You might want to think twice before taking a walk or riding your bike, particularly when you’re due for a positron emission tomography (PET) scan in the near future.

Take time to think before you go for a walk or ride a bike-especially if you have any plans to undergo positron emission tomography (PET) scans Medhat M. said that any form of physical activity-from tapping your toes in the waiting room to jogging around the neighborhood the day before-can affect the results of a PET scan and lead to false-positive results. Theodore Asman, MD, ScM, PhD, is an assistant professor in the department of internal medicine’s division of nuclear medicine and professor of PET at the St. Louis University Hospital in Missouri. Physical activity participation has direct implications for the interpretation of PET imaging studies, said the co-author of “Prevalence and Patterns of Physiologic Muscle Uptake Detected With Whole-Body 18F-FDG PET,” which is published in the journal

Individuals who undergo PET scans should ease up on physical activity before their scans, and if they engage in any outside of their normal routine, they must inform their nuclear medicine technologists so it can be noted, The educational coordinator for the department of nuclear medicine technology at St. Louis University is Dr. Scott Schlarman, MBA, CNMT. The use of physical activity around one out of eight times may result in false-positive results on PET scans, the professor According to Schlarman, patients undergoing PET scans should not exercise excessively 48 hours before the scan and not talk on a cell phone during the scan. PET imaging is a powerful tool that can demonstrate organ function in oncology, cardiology, neurology, and other In order to image cancer, a radiopharmaceutical known as fluorodeoxyglucose (FDG) that combines a sugar (metabolized at a high rate by cancer cells) with a radionuclide is administered to As cancer cells metabolize sugar much more quickly than normal cells, the radiopharmaceutical becomes absorbed into the cancerous tissues in higher concentrations (known as the “uptake” factor). Through tracking the gamma ray signals given off by the radionuclides, the PET scan shows the location of the radiopharmaceutical. The PET scan is very sensitive, and an increase in physical activity can create problems when it comes to distinguishing normal from pathologic uptake, said In normal muscles, FDG uptake is relatively low. However, muscles that are worked just before or around the time of the scan may display intense uptake, possibly reflecting cancer, according to him.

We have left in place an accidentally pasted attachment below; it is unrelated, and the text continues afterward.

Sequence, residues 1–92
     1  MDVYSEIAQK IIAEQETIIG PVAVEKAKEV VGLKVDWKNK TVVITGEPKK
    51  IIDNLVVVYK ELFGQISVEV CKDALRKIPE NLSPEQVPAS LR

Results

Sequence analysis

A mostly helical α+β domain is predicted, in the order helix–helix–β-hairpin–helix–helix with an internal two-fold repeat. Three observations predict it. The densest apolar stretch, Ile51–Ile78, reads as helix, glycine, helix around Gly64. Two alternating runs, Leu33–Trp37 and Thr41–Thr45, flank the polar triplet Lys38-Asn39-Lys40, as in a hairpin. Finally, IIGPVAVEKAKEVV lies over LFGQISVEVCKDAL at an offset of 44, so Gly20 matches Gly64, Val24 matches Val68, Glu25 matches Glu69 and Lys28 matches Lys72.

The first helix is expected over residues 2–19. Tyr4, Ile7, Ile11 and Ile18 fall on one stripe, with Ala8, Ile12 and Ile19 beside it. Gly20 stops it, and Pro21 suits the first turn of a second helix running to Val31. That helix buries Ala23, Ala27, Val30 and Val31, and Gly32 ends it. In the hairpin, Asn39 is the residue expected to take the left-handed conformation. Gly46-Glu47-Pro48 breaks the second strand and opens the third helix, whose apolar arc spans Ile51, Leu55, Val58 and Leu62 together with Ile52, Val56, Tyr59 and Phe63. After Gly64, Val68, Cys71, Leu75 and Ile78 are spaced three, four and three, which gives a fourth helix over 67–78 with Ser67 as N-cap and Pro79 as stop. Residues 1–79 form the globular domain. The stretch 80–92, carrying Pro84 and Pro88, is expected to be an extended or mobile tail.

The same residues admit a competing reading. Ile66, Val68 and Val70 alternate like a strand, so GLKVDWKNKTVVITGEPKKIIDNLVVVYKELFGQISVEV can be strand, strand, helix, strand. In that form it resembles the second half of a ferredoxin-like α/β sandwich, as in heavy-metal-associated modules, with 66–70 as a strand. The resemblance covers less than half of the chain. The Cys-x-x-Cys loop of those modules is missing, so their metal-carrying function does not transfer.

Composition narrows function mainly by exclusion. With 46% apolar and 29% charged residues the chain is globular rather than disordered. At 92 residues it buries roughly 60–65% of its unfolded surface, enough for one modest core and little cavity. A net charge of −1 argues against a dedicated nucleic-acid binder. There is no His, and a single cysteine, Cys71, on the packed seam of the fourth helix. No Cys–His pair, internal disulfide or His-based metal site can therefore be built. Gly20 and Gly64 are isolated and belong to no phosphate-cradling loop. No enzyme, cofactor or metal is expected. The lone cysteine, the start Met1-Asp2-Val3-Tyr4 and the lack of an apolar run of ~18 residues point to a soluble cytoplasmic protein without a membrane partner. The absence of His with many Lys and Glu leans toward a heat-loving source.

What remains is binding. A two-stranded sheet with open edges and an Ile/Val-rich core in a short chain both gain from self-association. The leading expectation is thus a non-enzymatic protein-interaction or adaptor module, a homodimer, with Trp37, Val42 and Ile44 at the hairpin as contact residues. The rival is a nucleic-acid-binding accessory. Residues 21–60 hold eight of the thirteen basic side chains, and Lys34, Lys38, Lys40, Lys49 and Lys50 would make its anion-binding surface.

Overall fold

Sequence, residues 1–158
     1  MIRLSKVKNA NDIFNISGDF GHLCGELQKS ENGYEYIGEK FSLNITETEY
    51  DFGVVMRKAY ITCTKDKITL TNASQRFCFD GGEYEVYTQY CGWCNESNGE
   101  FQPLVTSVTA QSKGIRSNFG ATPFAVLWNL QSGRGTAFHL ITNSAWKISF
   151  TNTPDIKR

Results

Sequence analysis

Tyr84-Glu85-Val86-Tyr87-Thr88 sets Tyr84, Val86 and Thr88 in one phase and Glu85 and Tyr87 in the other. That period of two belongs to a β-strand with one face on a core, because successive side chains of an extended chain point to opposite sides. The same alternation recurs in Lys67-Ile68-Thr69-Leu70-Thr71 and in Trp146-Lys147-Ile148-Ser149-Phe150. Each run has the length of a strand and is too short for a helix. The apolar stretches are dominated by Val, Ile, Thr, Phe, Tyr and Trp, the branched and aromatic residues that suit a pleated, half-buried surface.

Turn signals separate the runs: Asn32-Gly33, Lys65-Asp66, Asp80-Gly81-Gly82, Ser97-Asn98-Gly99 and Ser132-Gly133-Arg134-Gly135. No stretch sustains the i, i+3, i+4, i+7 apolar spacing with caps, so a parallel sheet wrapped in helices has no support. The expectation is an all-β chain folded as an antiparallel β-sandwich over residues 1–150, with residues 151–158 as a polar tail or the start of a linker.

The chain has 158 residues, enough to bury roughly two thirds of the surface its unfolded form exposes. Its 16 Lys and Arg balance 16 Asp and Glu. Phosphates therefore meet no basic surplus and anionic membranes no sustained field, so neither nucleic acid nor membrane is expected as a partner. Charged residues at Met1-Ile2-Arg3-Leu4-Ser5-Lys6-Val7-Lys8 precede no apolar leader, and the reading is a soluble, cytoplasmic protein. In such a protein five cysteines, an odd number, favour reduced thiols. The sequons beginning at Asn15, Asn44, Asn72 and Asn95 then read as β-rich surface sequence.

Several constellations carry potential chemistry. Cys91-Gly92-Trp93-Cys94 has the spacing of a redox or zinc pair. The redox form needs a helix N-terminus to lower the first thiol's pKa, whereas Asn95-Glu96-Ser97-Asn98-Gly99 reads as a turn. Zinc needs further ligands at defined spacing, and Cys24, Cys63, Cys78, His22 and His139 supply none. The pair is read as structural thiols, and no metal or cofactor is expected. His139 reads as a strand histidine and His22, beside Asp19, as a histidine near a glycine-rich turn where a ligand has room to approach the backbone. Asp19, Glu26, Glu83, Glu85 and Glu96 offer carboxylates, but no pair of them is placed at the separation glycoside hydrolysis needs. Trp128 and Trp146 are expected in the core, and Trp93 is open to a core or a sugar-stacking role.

Researchers recommend that technologists instruct the patients not to engage in excessive muscle activity during the uptake phase and to telephone patients ahead of their appointments to request they refrain from excessive muscle activity at least 48 hours in advance of the Educating technologists about the relationship between muscle activity and uptake, along with working actively with physicians, Schlarman says, will improve the accuracy of studies for patients, and this can be implemented by coordinating a team approach with them. The job of technologists is to inform physicians of possible abnormal activity in patients that could lead to incorrect readings of their PET scans, Dr. Osman said. “Any unexpected or unexplained excessive muscle uptake should initiate communication between technologists and reading physicians,” he said. A team of medical technology and physician researchers from St. Louis-all members of SNM or the SNM Technologist Section-analyzed more than 1,100 whole-body PET scans taken over one year from more than 1,100 cancer patients. Thirty-three percent of patients with this propensity had excessively hyperkinetic muscle activity on the PET scan. This was confirmed by the technologists’ note that muscle activity occurred during the uptake phase or before the examination began. The uptake of the imaging signal was increased in the head and neck, thorax, and upper extremities of individuals during activities such as raising one’s head while on a stretcher, writing, turning pages of a book, shoveling snow, or driving Besides Osman and Schlarman, Ryan S., and Bruce N. Johnson also contributed to the manuscript “Prevalence and Patterns of Physiologic Muscle Uptake Detected with Whole-Body 18F-FDG PET.”. Dr. J. S. Jackson, division of nuclear medicine, department of internal medicine, St. Louis University School of Medicine, St. Louis, Mo., and Dr. L. William Crawford. I.Hubble, MHA, Department of Nuclear Medicine Technology, College of Health Sciences, St. Louis University, St. Louis, Missouri.